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Incentives of carbon dioxide regulation for investment in low-carbon electricity technologies in Texas

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  • Castillo, Anya
  • Linn, Joshua

Abstract

This paper compares the incentives a carbon dioxide emissions price creates for investment in low carbon dioxide-emitting technologies in the electricity sector. We consider the extent to which operational differences across generation technologies - particularly, nuclear, wind and solar photovoltaic - create differences in the incentives for new investment, which is measured by the operating profits of a potential entrant. First, astylized model of an electricity system demonstrates that the composition of the existing generation system may cause electricity prices to increase by different amounts over time when a carbon dioxide price is imposed. Differences in operation across technologies therefore translate to differences in the operating profits of a potential entrant. Then, a detailed simulation model is used to consider a hypothetical carbon dioxide price of $10-$50 per metric ton for the Electric Reliability Council of Texas (ERCOT) market. The simulations show that, for the range of prices considered, the increase in electricity prices is positively correlated with output from a typical wind unit, but the correlation is much weaker for nuclear and photovoltaic. Consequently, a carbon dioxide price creates much stronger investment incentives for wind than for nuclear or photovoltaic technologies in the Texas market.

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Bibliographic Info

Article provided by Elsevier in its journal Energy Policy.

Volume (Year): 39 (2011)
Issue (Month): 3 (March)
Pages: 1831-1844

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Handle: RePEc:eee:enepol:v:39:y:2011:i:3:p:1831-1844

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Web page: http://www.elsevier.com/locate/enpol

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Keywords: Electricity Investment Carbon price;

References

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  1. Joshua Linn, 2008. "Technological Modifications in the Nitrogen Oxides Tradable Permit Program," The Energy Journal, International Association for Energy Economics, International Association for Energy Economics, vol. 0(Number 3), pages 153-176.
  2. Fischer, Carolyn & Parry, Ian W. H. & Pizer, William A., 2003. "Instrument choice for environmental protection when technological innovation is endogenous," Journal of Environmental Economics and Management, Elsevier, vol. 45(3), pages 523-545, May.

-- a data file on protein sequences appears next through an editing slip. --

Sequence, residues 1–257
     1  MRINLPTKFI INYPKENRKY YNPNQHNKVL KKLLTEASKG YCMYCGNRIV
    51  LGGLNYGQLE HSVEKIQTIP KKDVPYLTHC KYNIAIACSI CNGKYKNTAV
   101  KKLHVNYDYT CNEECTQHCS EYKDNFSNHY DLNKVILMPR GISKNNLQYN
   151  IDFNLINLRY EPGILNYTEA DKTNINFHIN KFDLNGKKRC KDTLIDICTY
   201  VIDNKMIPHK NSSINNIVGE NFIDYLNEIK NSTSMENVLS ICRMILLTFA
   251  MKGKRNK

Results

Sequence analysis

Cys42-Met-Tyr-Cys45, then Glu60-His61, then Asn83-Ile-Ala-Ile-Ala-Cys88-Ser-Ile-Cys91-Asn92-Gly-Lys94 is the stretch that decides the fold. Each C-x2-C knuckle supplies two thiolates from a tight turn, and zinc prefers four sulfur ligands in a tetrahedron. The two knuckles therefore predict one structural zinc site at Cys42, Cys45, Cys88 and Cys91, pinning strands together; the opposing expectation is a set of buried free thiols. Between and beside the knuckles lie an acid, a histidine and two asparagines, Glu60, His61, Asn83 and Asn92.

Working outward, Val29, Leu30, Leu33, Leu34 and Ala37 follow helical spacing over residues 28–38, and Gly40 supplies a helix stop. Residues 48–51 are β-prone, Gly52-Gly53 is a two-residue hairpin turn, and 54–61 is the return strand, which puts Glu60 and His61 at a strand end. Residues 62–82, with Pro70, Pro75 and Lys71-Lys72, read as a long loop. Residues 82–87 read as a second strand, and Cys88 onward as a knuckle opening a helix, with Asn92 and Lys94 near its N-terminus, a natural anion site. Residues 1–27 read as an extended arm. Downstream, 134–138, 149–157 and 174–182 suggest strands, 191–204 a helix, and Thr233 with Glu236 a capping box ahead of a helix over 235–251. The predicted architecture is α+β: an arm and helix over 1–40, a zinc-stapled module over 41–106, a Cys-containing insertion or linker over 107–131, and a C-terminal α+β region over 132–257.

3. Curtis Carlson & Dallas Burtraw & Maureen Cropper & Karen L. Palmer, 2000. "Sulfur Dioxide Control by Electric Utilities: What Are the Gains from Trade?," Journal of Political Economy, University of Chicago Press, University of Chicago Press, vol. 108(6), pages 1292-1326, December.
  4. Fischer, Carolyn & Fox, Alan, 2004. "Output-Based Allocations of Emissions Permits: Efficiency and Distributional Effects in a General Equilibrium Setting with Taxes and Trade," Discussion Papers, Resources For the Future dp-04-37, Resources For the Future.
  5. Weber, T.A. & Neuhoff, K., 2009. "Carbon Markets and Technological Innovation," Cambridge Working Papers in Economics 0932, Faculty of Economics, University of Cambridge.
  6. Jung, Chulho & Krutilla, Kerry & Boyd, Roy, 1996. "Incentives for Advanced Pollution Abatement Technology at the Industry Level: An Evaluation of Policy Alternatives," Journal of Environmental Economics and Management, Elsevier, vol. 30(1), pages 95-111, January.
  7. David Popp, 2003. "Pollution control innovations and the Clean Air Act of 1990," Journal of Policy Analysis and Management, John Wiley & Sons, Ltd., vol. 22(4), pages 641-660.
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Cited by:
  1. Fell, Harrison & Linn, Joshua, 2013. "Renewable electricity policies, heterogeneity, and cost effectiveness," Journal of Environmental Economics and Management, Elsevier, vol. 66(3), pages 688-707.
  2. Knizley, Alta A. & Mago, Pedro J. & Smith, Amanda D., 2014. "Evaluation of the performance of combined cooling, heating, and power systems with dual power generation units," Energy Policy, Elsevier, Elsevier, vol. 66(C), pages 654-665.

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